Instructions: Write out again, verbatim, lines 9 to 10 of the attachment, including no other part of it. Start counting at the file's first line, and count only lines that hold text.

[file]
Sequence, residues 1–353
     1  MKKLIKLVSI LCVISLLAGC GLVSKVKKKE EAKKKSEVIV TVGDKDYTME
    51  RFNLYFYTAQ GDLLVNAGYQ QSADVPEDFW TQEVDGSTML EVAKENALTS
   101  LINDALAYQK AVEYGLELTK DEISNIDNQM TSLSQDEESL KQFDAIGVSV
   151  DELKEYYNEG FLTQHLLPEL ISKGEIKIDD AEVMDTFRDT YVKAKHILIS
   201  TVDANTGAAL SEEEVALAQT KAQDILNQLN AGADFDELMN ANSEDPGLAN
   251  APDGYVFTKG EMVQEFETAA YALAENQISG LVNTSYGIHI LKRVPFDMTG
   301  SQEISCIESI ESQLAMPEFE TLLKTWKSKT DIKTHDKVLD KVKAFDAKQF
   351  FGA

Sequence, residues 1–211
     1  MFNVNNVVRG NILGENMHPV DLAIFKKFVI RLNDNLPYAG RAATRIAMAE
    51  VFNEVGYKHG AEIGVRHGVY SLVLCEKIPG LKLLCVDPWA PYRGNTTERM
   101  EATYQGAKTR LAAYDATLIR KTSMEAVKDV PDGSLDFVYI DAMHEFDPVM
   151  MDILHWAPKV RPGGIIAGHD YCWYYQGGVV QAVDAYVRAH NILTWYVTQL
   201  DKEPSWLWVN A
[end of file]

   351  FGA

Sequence, residues 1–211